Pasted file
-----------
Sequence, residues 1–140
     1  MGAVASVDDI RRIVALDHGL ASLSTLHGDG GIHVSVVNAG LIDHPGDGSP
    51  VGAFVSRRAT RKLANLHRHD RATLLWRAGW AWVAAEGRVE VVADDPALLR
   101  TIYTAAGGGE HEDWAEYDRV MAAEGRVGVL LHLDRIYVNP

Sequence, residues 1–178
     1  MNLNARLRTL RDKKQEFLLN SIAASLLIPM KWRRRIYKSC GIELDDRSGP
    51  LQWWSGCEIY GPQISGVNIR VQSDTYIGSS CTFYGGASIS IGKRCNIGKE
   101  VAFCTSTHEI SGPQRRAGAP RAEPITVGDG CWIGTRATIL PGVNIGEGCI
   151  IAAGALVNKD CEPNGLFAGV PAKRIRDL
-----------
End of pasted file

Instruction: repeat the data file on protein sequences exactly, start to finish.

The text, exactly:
Sequence, residues 1–140
     1  MGAVASVDDI RRIVALDHGL ASLSTLHGDG GIHVSVVNAG LIDHPGDGSP
    51  VGAFVSRRAT RKLANLHRHD RATLLWRAGW AWVAAEGRVE VVADDPALLR
   101  TIYTAAGGGE HEDWAEYDRV MAAEGRVGVL LHLDRIYVNP

Sequence, residues 1–178
     1  MNLNARLRTL RDKKQEFLLN SIAASLLIPM KWRRRIYKSC GIELDDRSGP
    51  LQWWSGCEIY GPQISGVNIR VQSDTYIGSS CTFYGGASIS IGKRCNIGKE
   101  VAFCTSTHEI SGPQRRAGAP RAEPITVGDG CWIGTRATIL PGVNIGEGCI
   151  IAAGALVNKD CEPNGLFAGV PAKRIRDL